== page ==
And yet… it was. Their imaginations — their creativity — was telling them that with cannabis in their brains, they could be even better, more creative — more productive.

I wandered into cannabis looking for sleep. After years of taking OTC sleep meds — and getting little sleep but lots of memory loss, I bit the bullet years ago (living in California as I do) and got a prescription. Then I went to my first dispensary and got my first cannister of Skywalker flower.

For the first time in a decade, I slept. I woke up in the morning feeling rested. No druggy lassitude, no lingering weariness. Just top quality brain rest. What a radical concept.

The next time I returned to that dispensary, I wanted to know: what’s in all those other cannisters filled with weed? Do they all produce sleep as wonderful as Skywalker? Some, it turned out did. Others, on the other hand…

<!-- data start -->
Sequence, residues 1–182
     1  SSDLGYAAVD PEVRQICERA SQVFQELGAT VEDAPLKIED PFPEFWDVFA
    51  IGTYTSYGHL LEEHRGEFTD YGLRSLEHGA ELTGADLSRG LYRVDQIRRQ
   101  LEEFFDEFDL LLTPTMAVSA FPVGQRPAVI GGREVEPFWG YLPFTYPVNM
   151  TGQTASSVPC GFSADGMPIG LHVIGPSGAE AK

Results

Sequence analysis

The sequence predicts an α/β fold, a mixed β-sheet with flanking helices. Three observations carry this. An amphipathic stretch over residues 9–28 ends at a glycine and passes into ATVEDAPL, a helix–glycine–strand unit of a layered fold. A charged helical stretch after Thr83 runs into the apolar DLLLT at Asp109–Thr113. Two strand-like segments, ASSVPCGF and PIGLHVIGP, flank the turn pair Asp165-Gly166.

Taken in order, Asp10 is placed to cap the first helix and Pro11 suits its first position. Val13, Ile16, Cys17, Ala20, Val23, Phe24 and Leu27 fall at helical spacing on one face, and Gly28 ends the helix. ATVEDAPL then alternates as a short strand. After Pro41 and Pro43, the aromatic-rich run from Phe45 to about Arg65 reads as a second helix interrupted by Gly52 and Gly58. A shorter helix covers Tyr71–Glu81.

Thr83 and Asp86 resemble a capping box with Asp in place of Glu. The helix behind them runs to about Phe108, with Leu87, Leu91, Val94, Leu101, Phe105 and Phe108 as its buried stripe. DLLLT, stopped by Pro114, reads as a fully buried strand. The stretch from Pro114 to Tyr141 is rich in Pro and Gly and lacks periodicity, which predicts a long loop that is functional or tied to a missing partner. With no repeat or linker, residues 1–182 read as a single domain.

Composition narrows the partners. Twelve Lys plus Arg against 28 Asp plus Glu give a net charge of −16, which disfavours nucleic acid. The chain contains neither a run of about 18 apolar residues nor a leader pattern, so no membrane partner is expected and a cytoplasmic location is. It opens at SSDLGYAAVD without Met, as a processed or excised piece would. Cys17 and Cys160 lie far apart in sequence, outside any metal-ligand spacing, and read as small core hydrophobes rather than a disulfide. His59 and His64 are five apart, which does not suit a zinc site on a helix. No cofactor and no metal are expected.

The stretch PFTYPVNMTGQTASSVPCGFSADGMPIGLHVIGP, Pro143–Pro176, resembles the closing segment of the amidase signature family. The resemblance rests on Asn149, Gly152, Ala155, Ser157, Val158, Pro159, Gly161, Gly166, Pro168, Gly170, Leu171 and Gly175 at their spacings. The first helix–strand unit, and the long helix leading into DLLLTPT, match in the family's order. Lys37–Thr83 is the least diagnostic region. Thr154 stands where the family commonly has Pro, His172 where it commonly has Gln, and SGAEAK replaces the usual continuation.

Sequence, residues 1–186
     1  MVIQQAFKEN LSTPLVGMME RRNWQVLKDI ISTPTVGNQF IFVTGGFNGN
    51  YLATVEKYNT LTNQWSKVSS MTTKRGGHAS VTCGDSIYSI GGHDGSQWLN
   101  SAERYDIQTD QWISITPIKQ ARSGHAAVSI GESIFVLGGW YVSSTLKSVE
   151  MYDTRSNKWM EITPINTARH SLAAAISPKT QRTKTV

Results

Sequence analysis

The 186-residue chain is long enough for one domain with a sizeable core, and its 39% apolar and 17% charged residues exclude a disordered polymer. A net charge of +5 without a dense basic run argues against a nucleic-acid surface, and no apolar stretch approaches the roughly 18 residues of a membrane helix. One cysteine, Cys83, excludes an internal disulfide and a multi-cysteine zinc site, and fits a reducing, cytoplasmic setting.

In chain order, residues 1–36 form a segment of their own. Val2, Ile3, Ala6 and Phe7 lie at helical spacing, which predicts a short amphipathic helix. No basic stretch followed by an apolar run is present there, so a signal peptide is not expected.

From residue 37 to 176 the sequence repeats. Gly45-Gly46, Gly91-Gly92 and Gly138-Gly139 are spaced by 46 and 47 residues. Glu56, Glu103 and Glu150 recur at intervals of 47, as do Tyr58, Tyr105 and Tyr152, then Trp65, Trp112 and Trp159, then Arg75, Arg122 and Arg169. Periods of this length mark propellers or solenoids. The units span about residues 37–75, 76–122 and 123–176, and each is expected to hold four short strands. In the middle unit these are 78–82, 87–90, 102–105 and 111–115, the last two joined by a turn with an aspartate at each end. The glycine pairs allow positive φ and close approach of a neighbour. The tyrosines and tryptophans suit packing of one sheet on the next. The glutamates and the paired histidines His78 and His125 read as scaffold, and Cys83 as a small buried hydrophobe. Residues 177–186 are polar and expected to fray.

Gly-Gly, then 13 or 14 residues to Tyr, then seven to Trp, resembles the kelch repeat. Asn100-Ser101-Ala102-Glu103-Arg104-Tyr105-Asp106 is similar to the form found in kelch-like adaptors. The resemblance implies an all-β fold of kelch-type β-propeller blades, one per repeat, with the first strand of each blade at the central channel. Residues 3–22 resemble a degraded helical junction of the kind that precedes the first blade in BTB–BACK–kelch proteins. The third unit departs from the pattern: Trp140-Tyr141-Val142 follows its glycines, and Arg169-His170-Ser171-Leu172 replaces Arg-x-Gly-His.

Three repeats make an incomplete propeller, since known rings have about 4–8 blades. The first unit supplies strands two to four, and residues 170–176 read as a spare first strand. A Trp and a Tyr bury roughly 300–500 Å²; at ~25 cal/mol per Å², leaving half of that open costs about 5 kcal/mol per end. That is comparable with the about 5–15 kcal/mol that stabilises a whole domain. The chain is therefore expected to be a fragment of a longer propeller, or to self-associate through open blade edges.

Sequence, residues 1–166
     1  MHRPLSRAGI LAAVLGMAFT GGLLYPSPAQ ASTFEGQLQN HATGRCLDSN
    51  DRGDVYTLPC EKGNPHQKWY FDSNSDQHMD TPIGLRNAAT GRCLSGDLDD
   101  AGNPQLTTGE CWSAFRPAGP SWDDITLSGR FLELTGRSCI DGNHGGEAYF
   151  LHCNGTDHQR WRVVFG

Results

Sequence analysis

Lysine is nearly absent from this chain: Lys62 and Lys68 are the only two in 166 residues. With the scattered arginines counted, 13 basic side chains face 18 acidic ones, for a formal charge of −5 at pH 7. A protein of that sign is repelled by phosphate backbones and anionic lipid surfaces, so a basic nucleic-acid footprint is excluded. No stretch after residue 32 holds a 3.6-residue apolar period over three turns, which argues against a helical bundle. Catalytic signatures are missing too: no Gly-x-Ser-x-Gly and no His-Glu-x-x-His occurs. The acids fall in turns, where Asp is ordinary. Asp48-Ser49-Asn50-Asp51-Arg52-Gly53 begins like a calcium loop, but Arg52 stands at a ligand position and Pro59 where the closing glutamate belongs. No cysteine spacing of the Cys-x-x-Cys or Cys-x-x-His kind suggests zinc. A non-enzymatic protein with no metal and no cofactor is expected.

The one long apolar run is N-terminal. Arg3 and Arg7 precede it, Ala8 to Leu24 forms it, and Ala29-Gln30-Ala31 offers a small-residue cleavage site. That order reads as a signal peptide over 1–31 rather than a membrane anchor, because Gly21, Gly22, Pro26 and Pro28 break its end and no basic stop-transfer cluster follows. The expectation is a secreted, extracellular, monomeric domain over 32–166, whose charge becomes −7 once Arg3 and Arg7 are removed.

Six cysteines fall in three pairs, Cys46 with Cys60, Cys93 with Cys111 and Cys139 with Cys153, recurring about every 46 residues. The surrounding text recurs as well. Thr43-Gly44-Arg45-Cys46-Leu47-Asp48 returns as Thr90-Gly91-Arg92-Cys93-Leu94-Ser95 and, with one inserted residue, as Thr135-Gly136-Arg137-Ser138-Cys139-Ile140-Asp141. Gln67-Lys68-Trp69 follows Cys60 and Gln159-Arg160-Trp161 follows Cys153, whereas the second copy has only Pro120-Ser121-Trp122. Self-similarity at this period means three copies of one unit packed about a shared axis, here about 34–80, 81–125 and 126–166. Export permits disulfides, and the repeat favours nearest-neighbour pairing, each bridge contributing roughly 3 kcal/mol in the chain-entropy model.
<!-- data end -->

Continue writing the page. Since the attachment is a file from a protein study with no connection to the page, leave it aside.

My first daytime strain was Durban Poison, a classic sativa. As much as it focused my brain — giving me lots of mental energy, it also opened my eyes. Cannabais isn’t good for just kicking back & relaxing or sleeping. Cannabis is good for working your ass off to earn that relaxation.

With a strain like Durban Poison — or Clementine or Jack The Ripper (the weed is kinder than the name) or hybrids like Dutch Treat and Pineapple Express, I feel the world come into sharp relief. I hear and see nuances and shadings. The responses flow effortlessly. Writing is not a struggle.

There are variations in how different sativas or hybrids feel inside your head. Whereas Jack The Ripper, say, will give you terrific focus, it has a slight “edge” to it. Not a bad edge — an extra bit of focus and energy. Maybe the best daytime/working strain of all is Trainwreck. Trainwreck gets you so focused you feel compelled to clean your house. Completely. With a toothbrush — that’s how focused and thorough you want to be.

Then I discovered (like a lot of athletes have) that cannabis can improve your physical performance — because it focuses your mind. I started smoking Durban Poison before and, sometimes, while I’m playing. It’s wild, the impact: everything “slows down”. I can see the spin on the ball. If I really focus, I can almost see the fuzz on the ball right where I need to hit it.